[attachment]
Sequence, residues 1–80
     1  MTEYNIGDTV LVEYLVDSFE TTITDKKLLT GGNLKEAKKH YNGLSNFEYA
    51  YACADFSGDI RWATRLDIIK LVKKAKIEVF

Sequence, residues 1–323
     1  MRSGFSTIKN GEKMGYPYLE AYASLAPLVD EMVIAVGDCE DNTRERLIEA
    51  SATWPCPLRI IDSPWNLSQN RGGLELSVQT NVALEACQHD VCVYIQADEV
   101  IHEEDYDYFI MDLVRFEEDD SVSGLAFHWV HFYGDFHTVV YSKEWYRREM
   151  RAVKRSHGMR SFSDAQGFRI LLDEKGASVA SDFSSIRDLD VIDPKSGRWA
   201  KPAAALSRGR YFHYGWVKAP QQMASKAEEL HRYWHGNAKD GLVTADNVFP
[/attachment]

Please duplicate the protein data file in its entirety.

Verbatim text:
Sequence, residues 1–80
     1  MTEYNIGDTV LVEYLVDSFE TTITDKKLLT GGNLKEAKKH YNGLSNFEYA
    51  YACADFSGDI RWATRLDIIK LVKKAKIEVF

Sequence, residues 1–323
     1  MRSGFSTIKN GEKMGYPYLE AYASLAPLVD EMVIAVGDCE DNTRERLIEA
    51  SATWPCPLRI IDSPWNLSQN RGGLELSVQT NVALEACQHD VCVYIQADEV
   101  IHEEDYDYFI MDLVRFEEDD SVSGLAFHWV HFYGDFHTVV YSKEWYRREM
   151  RAVKRSHGMR SFSDAQGFRI LLDEKGASVA SDFSSIRDLD VIDPKSGRWA
   201  KPAAALSRGR YFHYGWVKAP QQMASKAEEL HRYWHGNAKD GLVTADNVFP